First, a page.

Consultant Physician, Brigadier (later Major General)
Sammy Moore. He casually asked me if I would like to
look after Hess’s health during the British month.
For a moment I thought I had possibly misinterpreted
“Did you actually say Rudolf Hess, Sir?”
“Yes I did, Ray” was his blunt answer.
The first day I visited Spandau Prison to see my new,
‘prize’ patient, I was suddenly seized by
a peculiar feeling of unreality. Was all this true?
Was I Raymond Alfred Bencini, on the point of entering
that most notorious prison which had held seven of the
top German War Criminals after the famous Nuremberg
Trials? It was now accommodating just the one solitary
prisoner, Hess Prisoner Number 7, the previous almighty
Deputy Führer of Nazi Germany, my new patient.
When I use the word “notorious”, I use it
not simply because it held those prisoners. It is because
of its infamous history during the years of the Second
World War. Many prisoners were sent there as a result
of the decisions of the Nazi War Criminals to whom it
had subsequently become home in 1946! Indeed it was
a Clearing Station for political prisoners, Jews and
other undesirables, including Poles, who were kept there
before being dispatched to the relevant concentration
Our son Alexander was born on the 16th January, 1989.
What a momentous episode that was! My wife and I were
extremely worried towards the end of her pregnancy.
An anomaly had appeared on the ultrasound, indicating
the possibility that Alexander had a kidney abnormality.
As a doctor, I was probably even more worried than my
wife. I did not want to show my concern for fear of
upsetting her. I started refreshing my memory about
all sorts of kidney problems. It was one sure recipe
to make myself a nervous wreck in the process. I burned
the midnight oil during that time. Indeed, I became
a bit of an authority on kidney abnormalities.
Another incident which took place while we were living
in Münster was the completely unprovoked shooting
of two British soldiers by the IRA. They were shot just
outside York Barracks as they were returning. It was
less than a mile from our residence. That made it even
more worrying for all the British Service families in
the vicinity! Both soldiers miraculously survived. One
of them was extremely lucky to be alive since a main
artery in his leg was hit. He bled profusely. Thankfully,
medical attention, in the form of one of my colleagues,
arrived on the scene very quickly and arrested the massive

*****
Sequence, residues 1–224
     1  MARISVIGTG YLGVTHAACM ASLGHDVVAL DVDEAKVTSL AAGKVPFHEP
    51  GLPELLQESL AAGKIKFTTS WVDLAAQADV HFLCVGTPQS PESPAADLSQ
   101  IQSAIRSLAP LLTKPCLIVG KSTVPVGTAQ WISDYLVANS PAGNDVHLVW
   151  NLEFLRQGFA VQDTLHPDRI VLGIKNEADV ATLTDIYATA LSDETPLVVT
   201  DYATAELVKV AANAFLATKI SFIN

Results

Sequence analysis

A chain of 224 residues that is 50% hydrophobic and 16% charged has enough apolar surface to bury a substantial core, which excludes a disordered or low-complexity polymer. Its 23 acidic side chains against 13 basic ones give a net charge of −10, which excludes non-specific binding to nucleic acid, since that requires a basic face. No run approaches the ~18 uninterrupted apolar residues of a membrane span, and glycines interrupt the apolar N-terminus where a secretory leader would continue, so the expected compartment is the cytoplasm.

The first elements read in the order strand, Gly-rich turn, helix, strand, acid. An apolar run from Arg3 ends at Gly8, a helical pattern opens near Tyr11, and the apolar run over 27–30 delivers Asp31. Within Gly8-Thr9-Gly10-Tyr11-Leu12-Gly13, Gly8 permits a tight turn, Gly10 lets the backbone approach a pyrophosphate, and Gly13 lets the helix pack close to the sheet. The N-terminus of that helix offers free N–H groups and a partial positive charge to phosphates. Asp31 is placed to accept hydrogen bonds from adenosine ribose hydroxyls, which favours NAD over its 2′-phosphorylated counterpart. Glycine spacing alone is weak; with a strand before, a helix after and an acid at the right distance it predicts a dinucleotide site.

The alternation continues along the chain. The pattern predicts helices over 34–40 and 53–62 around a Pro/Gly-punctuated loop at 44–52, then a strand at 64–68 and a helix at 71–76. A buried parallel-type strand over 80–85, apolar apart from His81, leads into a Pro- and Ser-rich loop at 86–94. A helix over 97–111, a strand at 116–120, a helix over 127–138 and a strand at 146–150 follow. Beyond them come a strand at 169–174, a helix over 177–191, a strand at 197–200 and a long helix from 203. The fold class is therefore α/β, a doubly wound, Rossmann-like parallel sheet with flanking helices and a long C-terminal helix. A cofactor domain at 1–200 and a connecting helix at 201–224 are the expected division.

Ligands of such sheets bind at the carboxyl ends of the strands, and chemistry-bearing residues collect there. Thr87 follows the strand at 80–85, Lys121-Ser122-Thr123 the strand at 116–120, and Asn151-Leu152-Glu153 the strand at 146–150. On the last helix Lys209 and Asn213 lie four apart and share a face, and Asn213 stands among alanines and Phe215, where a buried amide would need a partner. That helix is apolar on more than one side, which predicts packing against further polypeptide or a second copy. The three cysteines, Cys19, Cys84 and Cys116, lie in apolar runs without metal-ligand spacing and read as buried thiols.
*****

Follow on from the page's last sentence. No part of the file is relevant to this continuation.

We had to do a bit of adapting to the Hong Kong way
of life. It took some time to “sink in”
that the shops remained open during the weekends. It
made life much easier. We also enjoyed two New Years
within the space of a few weeks since we also celebrated
the Chinese New Year. Our children really enjoyed shouting
“Kung Hei Fat Choi”, which was the equivalent
of a “Happy New Year!” Since the Chinese
New Year is in late January or February, it was even
more of a celebration for my family. My daughters’
birthdays are on the 10th and the 19th February. There
was one year, 1994, when we celebrated Ramona’s
birthday and the Chinese New year on the same day. All
that to add to our celebrating Philip’s birthday
on New year’s Day!
I soon learnt not to ask my Hong Kong Chinese patients
what their Christian name was. They are not Christians
and have first names instead. I found that out at my
own expense when questioning a soldier. The Chinese
are also addressed with their surname first.
On the clinical front I was seeing some rather varied
medicine. I diagnosed a couple of cases of tuberculosis
among our Chinese patients. It is still rife in Hong
Kong. Consequently, we were giving anti-tuberculosis
vaccinations, called BCG, to all the newborns and children.
Another interesting clinical happening occurred when
I had to deal with a pregnant Nepalese lady who came
complaining of abdominal pain. As she was waiting for
me to examine her, she vomited up a one-foot slimy worm
onto the floor of the surgery! It was a large roundworm
called Ascaris Lumbricoides. Not
unexpectedly, she fainted!